Root Causes of Political Rancor

It was like watching a food fight among 6th graders at my former public school in Brooklyn, P. S. 105. But I was actually watching the Republican debate among presidential candidates in South Carolina on February 13.

The name-calling, demonization of opponents and charges of “liar, liar, pants on fire” took my breath away. I found it hard to believe what I was hearing. How could political discourse stoop that low?

One cause of such deplorable behavior is the sheer lack of respect that many people have toward those who disagree with them, which increasingly characterizes discourse in many venues for human engagement, be they political rallies, churches, local community meetings or backyards. The goal of this very web site is to model a better way to engage those who disagree with you, the way of “respectful conversation.”

But the causes for such inhuman behavior run even deeper. Our society rewards such temper tantrums in two ways. First, there is ample evidence that such “negative political campaigning” works. Nastiness too often gathers votes. Shame on us as citizens when we reward such brutish behavior.

ohn Kasich, who, to his credit, refused to participate in the food fight on February 13, predicted that eventually the American electorate will not reward such boorish behavior when he said words to the effect that “if we keep behaving like this, we will lose the election in November.”

What scares me is the possibility that Kasich may be wrong about the American electorate not rewarding such disrespectful behavior, on either side of the political aisle, since such disrespect seems to have become the “new normal.”

But there is a second root cause of such disrespectful political discourse beyond the fact the being disrespectful often gets you elected, a deeper root cause that may help to explain why being disrespectful typically gets you elected: the systemic brokenness of our political system.

As pointed out by Thomas E. Mann and Norman J. Ornstein in their book  It’s Even Worse Than it Looks: How the American Constitutional System Collided with the New Politics of Extremism (New York: Basic Books, 2012, 143-160), aspects of the systemic brokenness of our political system include closed primaries that minimize the number of moderate voters and candidates participating in the nominating process; gerrymandered voting districts that protect or harm the political interests of incumbents and parties; winner-take-all elections that militate against the diversity of voices within our pluralistic society, and the inordinate political influence of those with wealth since Citizens United. The two aspects that I see as root causes of the current political rancor are closed primaries and the inordinate political influence of those with wealth since Citizens United.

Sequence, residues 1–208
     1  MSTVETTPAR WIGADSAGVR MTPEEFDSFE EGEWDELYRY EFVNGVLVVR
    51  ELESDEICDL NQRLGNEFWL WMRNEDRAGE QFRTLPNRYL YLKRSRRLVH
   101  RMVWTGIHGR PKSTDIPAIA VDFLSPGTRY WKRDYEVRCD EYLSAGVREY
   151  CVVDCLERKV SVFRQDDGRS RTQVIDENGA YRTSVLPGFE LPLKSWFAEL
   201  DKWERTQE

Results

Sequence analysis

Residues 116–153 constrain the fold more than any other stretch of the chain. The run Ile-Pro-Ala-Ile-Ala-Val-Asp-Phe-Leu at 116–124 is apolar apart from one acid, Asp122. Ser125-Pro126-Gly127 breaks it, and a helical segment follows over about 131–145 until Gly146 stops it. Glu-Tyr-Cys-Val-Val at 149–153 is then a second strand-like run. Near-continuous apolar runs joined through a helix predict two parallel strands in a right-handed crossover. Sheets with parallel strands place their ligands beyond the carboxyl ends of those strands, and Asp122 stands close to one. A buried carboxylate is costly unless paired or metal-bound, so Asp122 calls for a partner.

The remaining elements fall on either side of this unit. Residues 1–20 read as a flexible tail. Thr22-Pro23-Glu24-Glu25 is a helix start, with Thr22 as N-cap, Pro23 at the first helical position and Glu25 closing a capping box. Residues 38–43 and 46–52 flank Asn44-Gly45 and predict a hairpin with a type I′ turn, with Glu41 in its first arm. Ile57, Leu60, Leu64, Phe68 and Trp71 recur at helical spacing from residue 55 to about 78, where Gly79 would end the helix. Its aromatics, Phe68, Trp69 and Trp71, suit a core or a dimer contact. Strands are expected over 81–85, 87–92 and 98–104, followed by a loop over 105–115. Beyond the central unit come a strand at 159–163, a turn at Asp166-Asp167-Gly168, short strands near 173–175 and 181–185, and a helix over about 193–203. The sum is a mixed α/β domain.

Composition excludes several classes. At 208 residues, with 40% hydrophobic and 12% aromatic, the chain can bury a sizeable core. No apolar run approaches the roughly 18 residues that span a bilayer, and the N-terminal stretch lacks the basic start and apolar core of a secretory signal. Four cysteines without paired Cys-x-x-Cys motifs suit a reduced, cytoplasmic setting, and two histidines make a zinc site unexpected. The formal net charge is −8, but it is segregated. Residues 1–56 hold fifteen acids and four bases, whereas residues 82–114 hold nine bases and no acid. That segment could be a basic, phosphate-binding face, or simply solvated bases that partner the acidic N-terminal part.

Consider first the system of closed primaries that attract numerous voters at the extremes of the political spectrum and not enough “moderate” voters. Voters at the political extremes seem to relish food fights, possibly because they are so deeply convinced about the truth of their positions that they are incapable of saying “here is my position, but I may be wrong” (which is the best entre into a respectful conversation about disagreements). Moderates are typically more open to listening to the differing views of others and then engaging in respectful conversation about disagreements in the quest for common ground, rather than resorting to food fights.

Secondly, consider the nature of the inordinate political influence of persons with wealth since Citizens United. The Super-PACS that spend obscene amounts of money in support of particular political candidates milk the empirical fact that “negative campaigning typically works” to the maximum, thus feeding the political rancor of those they support by means of their advertising (think about the significant amount of time spent in the “food fight debates” refuting the ads put out by super-PACS). In addition, the wealthy donors to such super-PACS seem to represent the “political extremes” rather than the more “moderate middle.”

n summary, the causes of the current political rancor are two-fold: A failure to embrace a respectful mode of engagement with those who disagree with you and a broken political system that feeds that failure. Addressing the first cause will take a change in “heart” bordering on “conversion”; a “turning away” from demonizing those who disagree with you to a “better way” that respects the dignity of every human being. Hopefully, politicians who demonstrate such respect for their political opponents will also have the courage and fortitude to address the apparently insurmountable problems associated with our current broken political system.

My vote in November will go to that candidate for President who demonstrates commitment to engaging in respectful conversation with those with whom he/she disagrees and who is committed to addressing the root causes of present political rancor.